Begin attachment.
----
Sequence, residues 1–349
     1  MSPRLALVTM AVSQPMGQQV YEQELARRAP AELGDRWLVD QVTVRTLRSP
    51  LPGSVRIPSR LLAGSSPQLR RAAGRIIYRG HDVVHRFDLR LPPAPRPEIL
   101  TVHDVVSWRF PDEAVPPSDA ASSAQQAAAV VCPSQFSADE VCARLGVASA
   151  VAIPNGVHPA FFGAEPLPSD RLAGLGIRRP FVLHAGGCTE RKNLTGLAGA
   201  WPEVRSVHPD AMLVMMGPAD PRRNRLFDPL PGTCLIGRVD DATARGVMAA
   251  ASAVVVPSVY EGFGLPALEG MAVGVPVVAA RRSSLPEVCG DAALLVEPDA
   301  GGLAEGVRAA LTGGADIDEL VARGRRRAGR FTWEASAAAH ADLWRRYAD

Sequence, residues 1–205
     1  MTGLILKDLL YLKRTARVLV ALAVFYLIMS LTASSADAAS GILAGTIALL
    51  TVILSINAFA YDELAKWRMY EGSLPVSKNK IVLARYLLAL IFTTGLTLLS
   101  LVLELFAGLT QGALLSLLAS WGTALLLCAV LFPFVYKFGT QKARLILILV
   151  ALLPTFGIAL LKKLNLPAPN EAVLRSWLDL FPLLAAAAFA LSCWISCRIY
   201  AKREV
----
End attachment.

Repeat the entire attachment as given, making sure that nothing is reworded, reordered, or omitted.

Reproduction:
Sequence, residues 1–349
     1  MSPRLALVTM AVSQPMGQQV YEQELARRAP AELGDRWLVD QVTVRTLRSP
    51  LPGSVRIPSR LLAGSSPQLR RAAGRIIYRG HDVVHRFDLR LPPAPRPEIL
   101  TVHDVVSWRF PDEAVPPSDA ASSAQQAAAV VCPSQFSADE VCARLGVASA
   151  VAIPNGVHPA FFGAEPLPSD RLAGLGIRRP FVLHAGGCTE RKNLTGLAGA
   201  WPEVRSVHPD AMLVMMGPAD PRRNRLFDPL PGTCLIGRVD DATARGVMAA
   251  ASAVVVPSVY EGFGLPALEG MAVGVPVVAA RRSSLPEVCG DAALLVEPDA
   301  GGLAEGVRAA LTGGADIDEL VARGRRRAGR FTWEASAAAH ADLWRRYAD

Sequence, residues 1–205
     1  MTGLILKDLL YLKRTARVLV ALAVFYLIMS LTASSADAAS GILAGTIALL
    51  TVILSINAFA YDELAKWRMY EGSLPVSKNK IVLARYLLAL IFTTGLTLLS
   101  LVLELFAGLT QGALLSLLAS WGTALLLCAV LFPFVYKFGT QKARLILILV
   151  ALLPTFGIAL LKKLNLPAPN EAVLRSWLDL FPLLAAAAFA LSCWISCRIY
   201  AKREV